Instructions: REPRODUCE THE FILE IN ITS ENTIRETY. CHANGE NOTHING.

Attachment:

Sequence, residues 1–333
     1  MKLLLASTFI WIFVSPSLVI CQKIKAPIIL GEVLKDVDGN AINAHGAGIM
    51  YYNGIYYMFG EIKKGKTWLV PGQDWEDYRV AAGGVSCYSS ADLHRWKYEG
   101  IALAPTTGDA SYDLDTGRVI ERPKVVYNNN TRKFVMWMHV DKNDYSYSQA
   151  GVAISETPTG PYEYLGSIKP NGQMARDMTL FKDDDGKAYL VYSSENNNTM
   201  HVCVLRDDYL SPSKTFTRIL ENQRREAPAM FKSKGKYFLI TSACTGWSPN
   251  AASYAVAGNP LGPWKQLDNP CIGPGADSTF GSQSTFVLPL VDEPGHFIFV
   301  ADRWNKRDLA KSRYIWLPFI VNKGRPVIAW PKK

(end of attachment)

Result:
Sequence, residues 1–333
     1  MKLLLASTFI WIFVSPSLVI CQKIKAPIIL GEVLKDVDGN AINAHGAGIM
    51  YYNGIYYMFG EIKKGKTWLV PGQDWEDYRV AAGGVSCYSS ADLHRWKYEG
   101  IALAPTTGDA SYDLDTGRVI ERPKVVYNNN TRKFVMWMHV DKNDYSYSQA
   151  GVAISETPTG PYEYLGSIKP NGQMARDMTL FKDDDGKAYL VYSSENNNTM
   201  HVCVLRDDYL SPSKTFTRIL ENQRREAPAM FKSKGKYFLI TSACTGWSPN
   251  AASYAVAGNP LGPWKQLDNP CIGPGADSTF GSQSTFVLPL VDEPGHFIFV
   301  ADRWNKRDLA KSRYIWLPFI VNKGRPVIAW PKK